NAVAIR

Advanced Arresting Gear (AAG)

9 Images

Advanced Arresting Gear (AAG) completes a first-of-its-kind recovery of an F/A-18E Super Hornet at the Runway Arrested Landing Site in Lakehurst, N.J., Oct. 13, 2016. (U.S. Navy Photo)
Advanced Arresting Gear (AAG) completes a first-of-its-kind recovery of an F/A-18E Super Hornet at the Runway Arrested Landing Site in Lakehurst, N.J., Oct. 13, 2016. (U.S. Navy Photo)

<p>Computer-generated design of a complete one-wire Advanced Arresting Gear (AAG) system schematic (U.S. Navy graphic)</p>

Computer-generated design of a complete one-wire Advanced Arresting Gear (AAG) system schematic (U.S. Navy graphic)


<p>The Navy’s Advanced Arresting Gear (AAG) test team successfully completes 100-knot arrestment of an F/A-18C/D representative dead-load at the Joint Base McGuire-Dix-Lakehurst Jet Car Track Site (JCTS) April 2011. (U.S. Navy photo)</p>

The Navy’s Advanced Arresting Gear (AAG) test team successfully completes 100-knot arrestment of an F/A-18C/D representative dead-load at the Joint Base McGuire-Dix-Lakehurst Jet Car Track Site (JCTS) April 2011. (U.S. Navy photo)


<p>Advanced Arresting Gear (AAG) advancing construction of the Jet Car Track Site (JCTS) Oct. 2, 2009 when the first cable drum support structure is installed at Joint Base McGuire-Dix-Lakehurst in Lakehurst, New Jersey. (U.S. Navy photo)</p>

Advanced Arresting Gear (AAG) advancing construction of the Jet Car Track Site (JCTS) Oct. 2, 2009 when the first cable drum support structure is installed at Joint Base McGuire-Dix-Lakehurst in Lakehurst, New Jersey. (U.S. Navy photo)


<p>Testing of the Advanced Arresting Gear (AAG) power conditioning system continues simultaneous to construction of the Jet Car Track Site (JCTS) as the starboard build-out of air lines to manifolds shown here, takes place Nov. 20, 2009, at Joint Base McGuire-Dix-Lakehurst in Lakehurst, New Jersey. (U.S. Navy photo)</p>

Testing of the Advanced Arresting Gear (AAG) power conditioning system continues simultaneous to construction of the Jet Car Track Site (JCTS) as the starboard build-out of air lines to manifolds shown here, takes place Nov. 20, 2009, at Joint Base McGuire-Dix-Lakehurst in Lakehurst, New Jersey. (U.S. Navy photo)


<p>The Advanced Arresting Gear (AAG) Cable Shock Absorber (CSA) absorbs the initial kink wave of energy created when the arresting aircraft’s tailhook engages the cross deck pendant, or wire. (U.S. Navy photo)</p>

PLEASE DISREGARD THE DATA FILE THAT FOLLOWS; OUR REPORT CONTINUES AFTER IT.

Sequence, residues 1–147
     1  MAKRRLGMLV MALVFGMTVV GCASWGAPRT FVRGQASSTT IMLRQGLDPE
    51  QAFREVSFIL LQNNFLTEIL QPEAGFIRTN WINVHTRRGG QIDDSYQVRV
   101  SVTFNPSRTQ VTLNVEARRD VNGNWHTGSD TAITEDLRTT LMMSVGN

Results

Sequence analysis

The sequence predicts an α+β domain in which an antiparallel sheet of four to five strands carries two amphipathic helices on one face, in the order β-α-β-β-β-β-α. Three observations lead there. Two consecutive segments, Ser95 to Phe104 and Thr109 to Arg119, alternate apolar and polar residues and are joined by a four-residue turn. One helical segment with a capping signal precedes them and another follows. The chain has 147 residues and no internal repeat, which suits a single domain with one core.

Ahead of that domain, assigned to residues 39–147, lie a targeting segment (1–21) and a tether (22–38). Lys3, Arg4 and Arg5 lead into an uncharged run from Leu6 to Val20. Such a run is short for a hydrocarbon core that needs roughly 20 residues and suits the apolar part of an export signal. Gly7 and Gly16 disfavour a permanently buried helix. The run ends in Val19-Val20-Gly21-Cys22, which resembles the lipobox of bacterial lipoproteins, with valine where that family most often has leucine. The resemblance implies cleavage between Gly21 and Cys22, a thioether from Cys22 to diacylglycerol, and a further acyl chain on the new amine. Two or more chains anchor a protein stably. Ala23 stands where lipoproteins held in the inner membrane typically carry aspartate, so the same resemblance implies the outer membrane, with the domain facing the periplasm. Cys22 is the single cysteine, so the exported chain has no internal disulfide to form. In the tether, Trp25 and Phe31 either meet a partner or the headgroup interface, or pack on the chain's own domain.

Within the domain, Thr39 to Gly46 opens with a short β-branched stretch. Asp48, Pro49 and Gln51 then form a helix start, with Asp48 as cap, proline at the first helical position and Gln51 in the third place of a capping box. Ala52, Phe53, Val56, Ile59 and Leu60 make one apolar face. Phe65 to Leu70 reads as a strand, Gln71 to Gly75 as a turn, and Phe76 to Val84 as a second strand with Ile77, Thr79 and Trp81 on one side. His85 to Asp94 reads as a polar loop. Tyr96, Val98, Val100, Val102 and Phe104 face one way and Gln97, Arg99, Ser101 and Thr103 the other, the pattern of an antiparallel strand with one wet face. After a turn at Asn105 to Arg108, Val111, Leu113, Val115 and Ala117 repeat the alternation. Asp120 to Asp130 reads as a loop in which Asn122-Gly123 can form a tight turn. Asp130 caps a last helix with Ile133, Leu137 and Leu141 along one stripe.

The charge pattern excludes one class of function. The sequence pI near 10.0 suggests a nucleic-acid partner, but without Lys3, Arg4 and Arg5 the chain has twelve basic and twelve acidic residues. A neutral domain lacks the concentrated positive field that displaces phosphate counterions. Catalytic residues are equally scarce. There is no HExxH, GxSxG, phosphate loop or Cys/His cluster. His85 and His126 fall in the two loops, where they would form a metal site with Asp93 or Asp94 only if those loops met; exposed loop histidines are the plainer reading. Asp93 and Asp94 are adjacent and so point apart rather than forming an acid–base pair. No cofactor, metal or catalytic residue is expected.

The Advanced Arresting Gear (AAG) Cable Shock Absorber (CSA) absorbs the initial kink wave of energy created when the arresting aircraft’s tailhook engages the cross deck pendant, or wire. (U.S. Navy photo)


<p>The Aircraft Launch and Recovery Equipment program’s Advanced Arresting Gear team accepts delivery Dec. 11, 2009, and installs the conical/cable drum assembly at the Jet Car Track Site (JCTS) being constructed at Joint Base McGuire-Dix-Lakehurst in Lakehurst, New Jersey. (U.S. Navy photo)</p>

The Aircraft Launch and Recovery Equipment program’s Advanced Arresting Gear team accepts delivery Dec. 11, 2009, and installs the conical/cable drum assembly at the Jet Car Track Site (JCTS) being constructed at Joint Base McGuire-Dix-Lakehurst in Lakehurst, New Jersey. (U.S. Navy photo)


<p>An aircraft representative weighted sled, or dead-load, catches the Advanced Arresting Gear (AAG) cable at the Joint Base McGuire-Dix-Lakehurst Jet Car Track Site (JCTS) in Lakehurst, New Jersey. (U.S. Navy photo)</p>

An aircraft representative weighted sled, or dead-load, catches the Advanced Arresting Gear (AAG) cable at the Joint Base McGuire-Dix-Lakehurst Jet Car Track Site (JCTS) in Lakehurst, New Jersey. (U.S. Navy photo)


The Advanced Arresting Gear (AAG) team guides an electric motor as it is lowered into the pit at the Runway Arrested Landing Site (RALS). The team has been working for months to prepare the site for commissioning and live aircraft arrestment testing slated for late 2015. (U.S. Navy photo)
The Advanced Arresting Gear (AAG) team guides an electric motor as it is lowered into the pit at the Runway Arrested Landing Site (RALS). The team has been working for months to prepare the site for commissioning and live aircraft arrestment testing slated for late 2015. (U.S. Navy photo)